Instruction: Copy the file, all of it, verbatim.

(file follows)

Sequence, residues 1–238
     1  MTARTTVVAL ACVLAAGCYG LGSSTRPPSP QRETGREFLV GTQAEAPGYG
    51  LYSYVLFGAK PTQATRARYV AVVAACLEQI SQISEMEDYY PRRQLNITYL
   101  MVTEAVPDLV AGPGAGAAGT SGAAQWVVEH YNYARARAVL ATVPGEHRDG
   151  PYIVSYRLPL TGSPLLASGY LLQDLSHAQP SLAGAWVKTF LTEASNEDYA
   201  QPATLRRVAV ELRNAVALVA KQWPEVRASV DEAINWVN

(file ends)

Sequence, residues 1–238
     1  MTARTTVVAL ACVLAAGCYG LGSSTRPPSP QRETGREFLV GTQAEAPGYG
    51  LYSYVLFGAK PTQATRARYV AVVAACLEQI SQISEMEDYY PRRQLNITYL
   101  MVTEAVPDLV AGPGAGAAGT SGAAQWVVEH YNYARARAVL ATVPGEHRDG
   151  PYIVSYRLPL TGSPLLASGY LLQDLSHAQP SLAGAWVKTF LTEASNEDYA
   201  QPATLRRVAV ELRNAVALVA KQWPEVRASV DEAINWVN